#7 of 20 Re: Well, many things in this segment hinge on gas prices [kcram]
Feb 25, 2007 (10:49 am)
In the previous posts I thought we were talking about LD pickups. The Nitro is built on the Liberty platform, is it not?
At what point is there enough, or a better question, too much horsepower. The critters in Congress are starting to look at all of the LD truck manufacturers with some disdain as they feel that they are responsible for our energy crisis. Now you and I know that's not true, but you also know that the specter of the "big" SUV and truck has drawn negative attention.
Look at what's happened to the LD pick-up segment in the past twenty-years. Yes, a lot more horsepower, better appointments, more refinement, luxury, and...higher prices and worse fuel consumption. There's such a concentration on 0-60 times that with each year it seems someone has to out-do the other.
We have a mixture of engines in our current Ford and Dodge fleets and you know, a six-cylinder F150 will do the same work for us as one with a 4.6. Yes, I know the bigger engine raises the GVW rating and towing, but for the vast majority of our trucks the sixes do fine.
There's a local roofing company around here that has an aging fleet of six-cylinder RAMs. I've seen these things loaded so much that I'm sure the frame snubbers were resting on the top of the rear axle. I know this fellow and he claims that his total vehicle operating costs were reduced when he went to smaller engine trucks. And they do the job. Yep, they take a little longer to get there, but they get there.
LD pick-ups are the current fancy of many American drivers who will never tax their vehicles full capabilities. I'm not criticizing choice here, I'm all for it. But for fleet buyers try to buy a bare bones work truck nowadays, or...try to buy one under $30k.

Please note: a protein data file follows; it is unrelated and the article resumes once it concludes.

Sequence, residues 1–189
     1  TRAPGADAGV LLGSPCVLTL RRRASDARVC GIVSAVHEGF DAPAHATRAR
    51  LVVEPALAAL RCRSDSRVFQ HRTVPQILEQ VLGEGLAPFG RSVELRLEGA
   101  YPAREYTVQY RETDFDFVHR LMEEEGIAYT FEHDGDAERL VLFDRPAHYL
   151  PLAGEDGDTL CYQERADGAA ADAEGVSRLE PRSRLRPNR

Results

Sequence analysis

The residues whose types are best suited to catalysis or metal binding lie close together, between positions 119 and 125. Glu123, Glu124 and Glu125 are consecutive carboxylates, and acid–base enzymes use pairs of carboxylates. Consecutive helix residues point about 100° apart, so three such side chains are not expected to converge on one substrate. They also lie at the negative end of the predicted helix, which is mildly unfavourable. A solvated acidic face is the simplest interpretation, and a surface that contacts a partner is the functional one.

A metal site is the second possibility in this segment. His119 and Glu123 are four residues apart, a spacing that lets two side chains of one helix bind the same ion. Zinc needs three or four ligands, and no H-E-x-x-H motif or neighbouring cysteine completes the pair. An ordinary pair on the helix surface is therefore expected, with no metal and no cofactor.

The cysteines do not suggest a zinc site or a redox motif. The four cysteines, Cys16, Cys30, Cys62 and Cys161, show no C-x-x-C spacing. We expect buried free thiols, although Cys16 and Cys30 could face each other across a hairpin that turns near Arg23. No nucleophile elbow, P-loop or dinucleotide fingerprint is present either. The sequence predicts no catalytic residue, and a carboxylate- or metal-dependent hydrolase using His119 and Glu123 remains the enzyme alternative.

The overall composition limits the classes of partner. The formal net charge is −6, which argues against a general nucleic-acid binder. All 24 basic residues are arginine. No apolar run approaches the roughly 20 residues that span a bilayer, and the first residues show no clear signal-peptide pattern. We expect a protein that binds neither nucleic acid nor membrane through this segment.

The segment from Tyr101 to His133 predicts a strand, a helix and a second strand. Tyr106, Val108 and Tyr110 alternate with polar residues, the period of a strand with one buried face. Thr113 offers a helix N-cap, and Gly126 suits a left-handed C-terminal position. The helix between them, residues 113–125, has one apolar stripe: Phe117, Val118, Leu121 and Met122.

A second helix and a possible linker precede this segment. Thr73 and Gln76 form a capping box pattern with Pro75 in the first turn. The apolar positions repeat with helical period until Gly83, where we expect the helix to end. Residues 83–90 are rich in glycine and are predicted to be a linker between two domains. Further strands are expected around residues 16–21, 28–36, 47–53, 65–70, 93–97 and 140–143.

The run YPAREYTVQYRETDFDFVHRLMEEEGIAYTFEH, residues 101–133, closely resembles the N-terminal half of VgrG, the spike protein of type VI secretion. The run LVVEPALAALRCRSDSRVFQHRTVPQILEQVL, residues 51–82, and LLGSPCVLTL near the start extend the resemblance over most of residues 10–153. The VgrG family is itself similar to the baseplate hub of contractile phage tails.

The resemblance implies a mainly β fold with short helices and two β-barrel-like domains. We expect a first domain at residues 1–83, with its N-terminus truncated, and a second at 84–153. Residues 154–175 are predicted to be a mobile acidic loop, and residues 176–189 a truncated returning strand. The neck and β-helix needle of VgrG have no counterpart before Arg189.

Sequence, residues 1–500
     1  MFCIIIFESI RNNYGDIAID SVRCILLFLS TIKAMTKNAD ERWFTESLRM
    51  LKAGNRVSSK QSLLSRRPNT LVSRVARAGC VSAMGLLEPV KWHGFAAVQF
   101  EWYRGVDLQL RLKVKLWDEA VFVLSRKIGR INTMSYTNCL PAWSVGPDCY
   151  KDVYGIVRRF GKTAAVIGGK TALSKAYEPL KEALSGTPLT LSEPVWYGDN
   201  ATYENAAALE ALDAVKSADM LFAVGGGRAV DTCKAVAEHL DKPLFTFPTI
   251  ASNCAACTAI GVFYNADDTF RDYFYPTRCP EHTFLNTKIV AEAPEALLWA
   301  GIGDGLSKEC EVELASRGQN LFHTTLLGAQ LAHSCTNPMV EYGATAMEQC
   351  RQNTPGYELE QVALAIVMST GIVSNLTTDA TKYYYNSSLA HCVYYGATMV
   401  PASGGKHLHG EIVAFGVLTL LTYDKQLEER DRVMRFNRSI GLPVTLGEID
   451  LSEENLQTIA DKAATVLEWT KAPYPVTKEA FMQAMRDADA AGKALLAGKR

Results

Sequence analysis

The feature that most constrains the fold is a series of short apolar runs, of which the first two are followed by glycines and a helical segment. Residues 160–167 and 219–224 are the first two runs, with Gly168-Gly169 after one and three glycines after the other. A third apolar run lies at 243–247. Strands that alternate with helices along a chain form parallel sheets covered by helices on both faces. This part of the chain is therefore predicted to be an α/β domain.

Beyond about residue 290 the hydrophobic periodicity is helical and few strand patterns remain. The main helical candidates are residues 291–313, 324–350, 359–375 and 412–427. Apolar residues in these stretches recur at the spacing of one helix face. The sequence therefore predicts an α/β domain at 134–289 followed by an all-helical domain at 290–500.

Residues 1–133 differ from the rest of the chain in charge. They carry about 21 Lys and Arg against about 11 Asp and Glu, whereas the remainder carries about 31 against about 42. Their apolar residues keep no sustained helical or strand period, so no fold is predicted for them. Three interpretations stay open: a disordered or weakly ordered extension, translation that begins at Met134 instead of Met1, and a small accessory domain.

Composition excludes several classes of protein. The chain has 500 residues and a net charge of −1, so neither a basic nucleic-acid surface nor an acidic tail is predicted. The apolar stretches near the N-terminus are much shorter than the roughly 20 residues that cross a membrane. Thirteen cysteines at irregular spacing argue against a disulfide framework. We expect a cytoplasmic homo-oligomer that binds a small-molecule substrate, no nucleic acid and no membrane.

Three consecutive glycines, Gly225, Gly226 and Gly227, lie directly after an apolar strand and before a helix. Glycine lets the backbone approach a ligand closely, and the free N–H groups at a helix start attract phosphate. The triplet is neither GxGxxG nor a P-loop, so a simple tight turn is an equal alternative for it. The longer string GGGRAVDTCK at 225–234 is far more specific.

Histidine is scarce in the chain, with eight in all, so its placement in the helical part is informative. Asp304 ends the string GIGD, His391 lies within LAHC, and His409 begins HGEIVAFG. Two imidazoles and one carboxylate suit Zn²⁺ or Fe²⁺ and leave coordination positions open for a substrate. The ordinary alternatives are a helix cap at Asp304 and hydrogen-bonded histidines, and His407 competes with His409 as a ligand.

#8 of 20 Re: Well, many things in this segment hinge on gas prices [dustyk]
by KCRam@Edmunds HOST
Feb 25, 2007 (4:53 pm)
Agreed, and I think the new Ram 1500 with the light-duty Cummins will help immensely. You'll get power/torque, much better fuel economy, and thanks to the 2010 diesel regs, probably cleaner exhaust than the gasoline engines.
#9 of 20 Re: Well, many things in this segment hinge on gas prices [kcram]
Feb 25, 2007 (6:54 pm)
Yes, and i think it's clear how serious Dodge has been in the last few years in the LD segment. But, you know there will still be those 0-60 folks!
I'm looking forward to seeing the new 1500 diesel. While Ford and GM are trying to out do each other (and Nissan, Toyota) in price and features, people forget that there's still a serious commercial truck market out there. I'm being told that since the introduction of the new Dodge commercial upfitted chassis, the orders have been brisk and the Chevy and Ford chassis cabs are pretty stagnant.
How many miles do you have on your Cummins?
#10 of 20 will the new Ram......
Aug 02, 2007 (3:44 pm)